Petitioner appealed this decision through the Circuit Court of Cook County and the Illinois Appellate Court.  Both courts found in favor of Respondent, citing that the Commission’s decision was not against the manifest weight of the evidence.  Petitioner received no benefits as a result of the alleged work accident.

  1. Rochelle Alexander v. HMS Host (08 WC 53490)

The Petitioner alleged a repetitive trauma claim as a result of her work as a cook for Respondent, with a manifestation date of December 8, 2008.  She was terminated on October 15, 2008 after having missed several days of work without appropriate notice to her employer.  Her job responsibilities included various cooking and cleaning tasks.  She testified at trial that that her cooking responsibilities required her to reach and lean for various foods, to work on a counter top slightly below belt level, and to lift baskets of fries and salad plates.  She testified that her cleaning responsibilities required her to sweep and mop the floor, clean the walls and sides of coolers, and to get down on her hands and knees and clean underneath the refrigerator.  She testified that she was required to perform these tasks on a daily basis.  The Petitioner worked in this capacity for approximately 1.5 years.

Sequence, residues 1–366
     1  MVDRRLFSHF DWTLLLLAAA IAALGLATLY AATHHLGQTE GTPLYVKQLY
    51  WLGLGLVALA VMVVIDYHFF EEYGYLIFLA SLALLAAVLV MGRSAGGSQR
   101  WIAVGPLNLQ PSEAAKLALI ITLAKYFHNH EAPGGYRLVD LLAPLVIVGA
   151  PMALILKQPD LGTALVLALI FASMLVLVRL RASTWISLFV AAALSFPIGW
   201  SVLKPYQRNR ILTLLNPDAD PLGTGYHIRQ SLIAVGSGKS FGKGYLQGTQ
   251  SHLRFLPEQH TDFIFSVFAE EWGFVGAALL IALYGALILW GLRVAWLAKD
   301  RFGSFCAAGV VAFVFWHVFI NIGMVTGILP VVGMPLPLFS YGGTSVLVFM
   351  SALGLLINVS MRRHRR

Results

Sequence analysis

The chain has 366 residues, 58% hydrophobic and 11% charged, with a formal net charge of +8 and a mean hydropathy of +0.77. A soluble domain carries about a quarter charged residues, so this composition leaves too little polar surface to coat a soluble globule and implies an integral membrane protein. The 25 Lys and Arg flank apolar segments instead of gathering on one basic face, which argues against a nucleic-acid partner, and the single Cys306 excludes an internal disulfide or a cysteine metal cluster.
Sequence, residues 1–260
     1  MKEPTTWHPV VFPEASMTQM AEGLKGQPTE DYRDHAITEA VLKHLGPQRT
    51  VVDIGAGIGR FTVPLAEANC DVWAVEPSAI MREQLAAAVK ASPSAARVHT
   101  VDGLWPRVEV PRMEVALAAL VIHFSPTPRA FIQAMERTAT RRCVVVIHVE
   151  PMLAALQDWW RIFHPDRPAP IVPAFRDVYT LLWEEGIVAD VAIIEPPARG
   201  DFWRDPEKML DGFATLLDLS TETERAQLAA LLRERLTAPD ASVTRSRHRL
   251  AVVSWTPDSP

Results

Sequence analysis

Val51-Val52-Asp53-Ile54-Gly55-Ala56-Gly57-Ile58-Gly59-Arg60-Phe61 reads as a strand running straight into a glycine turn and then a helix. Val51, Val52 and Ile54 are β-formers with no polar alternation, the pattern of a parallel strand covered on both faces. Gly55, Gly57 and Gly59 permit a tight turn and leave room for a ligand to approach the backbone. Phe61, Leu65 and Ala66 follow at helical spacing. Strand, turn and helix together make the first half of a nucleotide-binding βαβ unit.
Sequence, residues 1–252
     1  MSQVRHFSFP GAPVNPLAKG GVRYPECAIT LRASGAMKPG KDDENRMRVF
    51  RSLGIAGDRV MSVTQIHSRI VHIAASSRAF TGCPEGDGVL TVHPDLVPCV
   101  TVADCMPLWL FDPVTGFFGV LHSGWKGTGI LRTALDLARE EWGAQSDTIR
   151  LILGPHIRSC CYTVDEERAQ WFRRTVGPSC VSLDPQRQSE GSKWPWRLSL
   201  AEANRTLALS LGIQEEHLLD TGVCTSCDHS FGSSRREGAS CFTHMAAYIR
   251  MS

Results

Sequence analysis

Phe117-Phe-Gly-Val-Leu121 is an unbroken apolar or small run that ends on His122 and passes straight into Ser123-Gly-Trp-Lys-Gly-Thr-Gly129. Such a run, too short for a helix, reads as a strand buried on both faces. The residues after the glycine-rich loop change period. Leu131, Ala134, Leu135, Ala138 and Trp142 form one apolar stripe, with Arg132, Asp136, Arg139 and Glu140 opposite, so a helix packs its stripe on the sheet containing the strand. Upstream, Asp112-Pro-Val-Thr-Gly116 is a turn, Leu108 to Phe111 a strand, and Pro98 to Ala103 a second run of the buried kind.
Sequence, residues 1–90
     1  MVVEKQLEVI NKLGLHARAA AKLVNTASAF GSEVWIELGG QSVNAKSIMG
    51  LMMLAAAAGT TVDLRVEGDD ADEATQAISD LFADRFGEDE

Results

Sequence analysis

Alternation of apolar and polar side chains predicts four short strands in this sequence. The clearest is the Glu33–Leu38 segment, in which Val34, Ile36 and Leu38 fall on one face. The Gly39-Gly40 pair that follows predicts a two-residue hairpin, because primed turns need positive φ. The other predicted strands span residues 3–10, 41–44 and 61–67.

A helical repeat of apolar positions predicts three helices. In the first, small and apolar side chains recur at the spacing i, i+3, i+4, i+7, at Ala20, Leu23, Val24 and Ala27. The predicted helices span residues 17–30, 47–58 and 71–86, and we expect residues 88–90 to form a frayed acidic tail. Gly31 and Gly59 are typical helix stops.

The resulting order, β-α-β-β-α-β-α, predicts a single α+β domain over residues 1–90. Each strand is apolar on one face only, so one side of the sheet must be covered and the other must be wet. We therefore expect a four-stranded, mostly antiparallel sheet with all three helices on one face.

Petitioner alleged left carpal tunnel syndrome and a cervical spine injury as a result of her employment.  She had been recommended surgery for both parts.  She accrued $44,265.22 in disputed medical treatment and claimed entitlement to an additional $25,757.04 in TTD benefits.

At trial, the Respondent exposed the suspect causal connection opinions provided by two of Petitioner treating physicians.  Respondent presented testimony from a credible IME, who had detailed information concerning Petitioner’s employment.  In addition to the medical opinions, the arbitrator did not find Petitioner’s testimony to be credible.  The arbitrator ruled in favor of the Respondent on all issues, and no benefits were awarded to Petitioner.  No appeal was filed.